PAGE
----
Mirin is an ingredient used frequently in Japanese and modern asian cooking. It is a must have pantry staple (hon-mirin or aji-mirin, more on which is better below). But what can you do if you have run out or Mirin? How to choose a substitute for Mirin when it is not available.
Let’s chat Mirin alternatives.
Mirin, which means “sweet rice wine,” has the same consistency as cooking sake or white wine, with a rich, syrupy flavor that makes dishes taste more complex without adding any fat or salt.
But mirin isn’t just for Asian cuisine; this versatile sauce can also be used in Western recipes such as soups, gravies, sautes and stews. And here’s a little secret: You don’t even have to cook with mirin; try it in a Bloody Mary.
Plain white rice wine is the key ingredient of mirin, but some brands also include barley malt, sugar and sake kasu (sake lees). If you can’t find mirin, here are some of the alternatives we found that would work.
Those looking for an alternative to mirin can try rice vinegar, dry white wine, or sake. You then add some sugar to combat the acidity of the vinegar or alcohol.
Choosing a Mirin Substitute
Mirin is a Japanese cooking wine used to add sweetness. It is used in many dipping saves and meat marinades.
A mirin substitute is a dry and sweet flavoring that can be used in mirin’s place. You will need to choose the mirin substitute based upon what you plan on using mirin for.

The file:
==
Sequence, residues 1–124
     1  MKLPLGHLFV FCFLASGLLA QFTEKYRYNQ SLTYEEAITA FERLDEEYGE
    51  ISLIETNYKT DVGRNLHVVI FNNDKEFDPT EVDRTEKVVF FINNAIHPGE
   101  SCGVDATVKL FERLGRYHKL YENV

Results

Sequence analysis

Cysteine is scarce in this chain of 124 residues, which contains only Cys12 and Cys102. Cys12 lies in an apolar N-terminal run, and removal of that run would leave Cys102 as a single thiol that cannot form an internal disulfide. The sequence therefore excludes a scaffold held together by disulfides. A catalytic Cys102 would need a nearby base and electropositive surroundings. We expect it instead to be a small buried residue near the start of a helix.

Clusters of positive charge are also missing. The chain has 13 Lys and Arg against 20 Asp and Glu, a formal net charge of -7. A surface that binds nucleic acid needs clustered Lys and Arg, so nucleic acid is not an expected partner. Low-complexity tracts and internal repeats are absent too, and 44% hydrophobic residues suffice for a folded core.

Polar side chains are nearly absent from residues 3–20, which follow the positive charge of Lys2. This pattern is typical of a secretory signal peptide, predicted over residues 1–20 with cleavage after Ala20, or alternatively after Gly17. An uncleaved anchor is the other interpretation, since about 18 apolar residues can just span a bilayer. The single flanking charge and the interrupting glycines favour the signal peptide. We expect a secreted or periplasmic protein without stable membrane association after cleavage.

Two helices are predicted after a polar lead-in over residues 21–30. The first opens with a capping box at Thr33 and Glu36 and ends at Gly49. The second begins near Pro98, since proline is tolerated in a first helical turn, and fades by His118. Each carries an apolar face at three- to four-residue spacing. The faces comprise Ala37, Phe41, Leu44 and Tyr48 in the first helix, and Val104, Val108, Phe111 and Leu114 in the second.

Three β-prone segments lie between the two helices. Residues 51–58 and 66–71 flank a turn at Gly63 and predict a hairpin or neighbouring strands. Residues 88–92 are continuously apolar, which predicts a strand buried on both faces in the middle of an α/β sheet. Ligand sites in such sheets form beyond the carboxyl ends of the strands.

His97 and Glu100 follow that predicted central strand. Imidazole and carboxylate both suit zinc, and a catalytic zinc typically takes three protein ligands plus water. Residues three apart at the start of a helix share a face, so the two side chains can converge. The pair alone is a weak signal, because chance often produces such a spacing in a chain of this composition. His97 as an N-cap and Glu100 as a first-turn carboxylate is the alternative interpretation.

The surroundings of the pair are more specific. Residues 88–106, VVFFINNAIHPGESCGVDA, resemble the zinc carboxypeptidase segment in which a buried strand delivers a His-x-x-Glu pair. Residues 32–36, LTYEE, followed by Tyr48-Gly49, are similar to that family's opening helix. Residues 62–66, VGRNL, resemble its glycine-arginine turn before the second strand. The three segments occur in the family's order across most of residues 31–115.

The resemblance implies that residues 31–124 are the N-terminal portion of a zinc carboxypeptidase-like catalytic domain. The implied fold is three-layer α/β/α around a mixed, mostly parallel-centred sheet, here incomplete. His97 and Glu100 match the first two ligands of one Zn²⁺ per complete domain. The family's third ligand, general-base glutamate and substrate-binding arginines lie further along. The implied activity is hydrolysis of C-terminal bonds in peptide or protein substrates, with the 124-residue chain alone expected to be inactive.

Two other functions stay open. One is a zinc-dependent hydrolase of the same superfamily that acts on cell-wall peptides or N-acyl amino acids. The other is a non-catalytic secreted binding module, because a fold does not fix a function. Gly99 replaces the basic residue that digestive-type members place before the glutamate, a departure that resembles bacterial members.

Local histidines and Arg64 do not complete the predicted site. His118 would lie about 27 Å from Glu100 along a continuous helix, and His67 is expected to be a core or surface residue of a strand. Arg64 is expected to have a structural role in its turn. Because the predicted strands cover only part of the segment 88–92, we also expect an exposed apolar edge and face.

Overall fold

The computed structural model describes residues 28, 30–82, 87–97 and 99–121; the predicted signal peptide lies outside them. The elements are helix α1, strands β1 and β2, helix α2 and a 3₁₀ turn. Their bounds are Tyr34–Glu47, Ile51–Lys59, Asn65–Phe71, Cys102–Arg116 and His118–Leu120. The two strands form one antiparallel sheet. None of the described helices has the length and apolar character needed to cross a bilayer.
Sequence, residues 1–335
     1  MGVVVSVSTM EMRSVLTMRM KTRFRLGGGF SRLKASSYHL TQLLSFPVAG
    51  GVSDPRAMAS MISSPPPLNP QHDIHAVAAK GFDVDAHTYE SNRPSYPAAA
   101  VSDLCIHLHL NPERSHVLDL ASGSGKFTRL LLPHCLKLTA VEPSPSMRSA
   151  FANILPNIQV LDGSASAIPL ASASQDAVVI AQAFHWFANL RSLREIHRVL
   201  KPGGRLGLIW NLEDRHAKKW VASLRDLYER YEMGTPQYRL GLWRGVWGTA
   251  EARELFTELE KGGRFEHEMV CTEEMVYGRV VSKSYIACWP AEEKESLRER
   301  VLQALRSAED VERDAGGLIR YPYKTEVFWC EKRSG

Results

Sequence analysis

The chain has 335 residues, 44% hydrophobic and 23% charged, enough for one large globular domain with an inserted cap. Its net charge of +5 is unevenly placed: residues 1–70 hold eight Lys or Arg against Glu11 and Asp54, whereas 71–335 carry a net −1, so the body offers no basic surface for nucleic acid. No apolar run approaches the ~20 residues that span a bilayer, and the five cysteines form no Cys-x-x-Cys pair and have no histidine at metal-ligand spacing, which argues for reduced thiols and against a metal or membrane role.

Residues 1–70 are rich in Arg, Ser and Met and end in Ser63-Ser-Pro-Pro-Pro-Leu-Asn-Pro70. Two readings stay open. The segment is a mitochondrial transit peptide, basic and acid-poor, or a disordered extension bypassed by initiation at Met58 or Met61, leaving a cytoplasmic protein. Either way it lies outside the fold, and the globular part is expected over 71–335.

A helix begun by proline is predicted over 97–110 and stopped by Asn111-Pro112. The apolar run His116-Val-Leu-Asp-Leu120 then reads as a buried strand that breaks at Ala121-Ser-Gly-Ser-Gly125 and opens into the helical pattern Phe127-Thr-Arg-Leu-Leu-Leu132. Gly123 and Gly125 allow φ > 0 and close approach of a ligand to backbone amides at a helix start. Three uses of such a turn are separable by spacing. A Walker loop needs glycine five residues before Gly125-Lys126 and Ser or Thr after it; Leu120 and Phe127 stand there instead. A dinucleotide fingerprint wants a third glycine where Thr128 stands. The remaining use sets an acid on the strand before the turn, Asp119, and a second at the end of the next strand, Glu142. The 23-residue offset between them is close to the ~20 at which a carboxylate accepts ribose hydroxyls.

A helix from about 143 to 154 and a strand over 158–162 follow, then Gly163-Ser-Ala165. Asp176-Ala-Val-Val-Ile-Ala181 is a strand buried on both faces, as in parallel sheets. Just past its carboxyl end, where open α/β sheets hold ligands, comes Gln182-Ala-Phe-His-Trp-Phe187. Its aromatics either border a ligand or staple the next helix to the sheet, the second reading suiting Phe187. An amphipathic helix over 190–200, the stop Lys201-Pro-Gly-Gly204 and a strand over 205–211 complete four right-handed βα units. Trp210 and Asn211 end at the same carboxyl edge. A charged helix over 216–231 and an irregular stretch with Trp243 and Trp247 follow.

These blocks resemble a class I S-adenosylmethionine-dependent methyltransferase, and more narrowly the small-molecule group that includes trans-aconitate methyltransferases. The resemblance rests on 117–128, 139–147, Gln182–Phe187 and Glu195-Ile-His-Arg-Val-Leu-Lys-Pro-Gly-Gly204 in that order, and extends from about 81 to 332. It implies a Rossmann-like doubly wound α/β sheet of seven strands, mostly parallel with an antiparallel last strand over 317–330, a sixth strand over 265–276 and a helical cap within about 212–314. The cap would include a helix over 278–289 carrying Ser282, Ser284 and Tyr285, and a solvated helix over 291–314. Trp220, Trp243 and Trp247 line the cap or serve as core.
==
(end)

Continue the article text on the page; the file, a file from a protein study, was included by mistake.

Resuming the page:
Hon-Mirin Vs Aji-mirin (The differences)
Mirin is sweet rice wine, used primarily to flavor Japanese dishes. There are two commonly available forms of mirin, Hon-mirin and Aji-mirin.
Aji-mirin is more commonly available in Western asian grocers. It is cheaper to produce and much cheaper to purchase. It is essentialy “false” Mirin using artificial sweeteners to achieve the flavor.
Hon-mirin is the traditional and pure type of Mirin. It is typically more expensive and difficult to source. That said with planning, you will be able to procure hon-mirin relatively easily form online stores.
Hon-mirin has no added sugar or salt and therefore has a higher alcohol content (which in some countries or jurisdictions makes purchasing it trickier).
We alway use hon-miring when we cook. Aji-mirin does an admirable job but there is no comparison to hon-mirin. A bottle will last a LONG time so do yourself a favour and choose the better ingredient.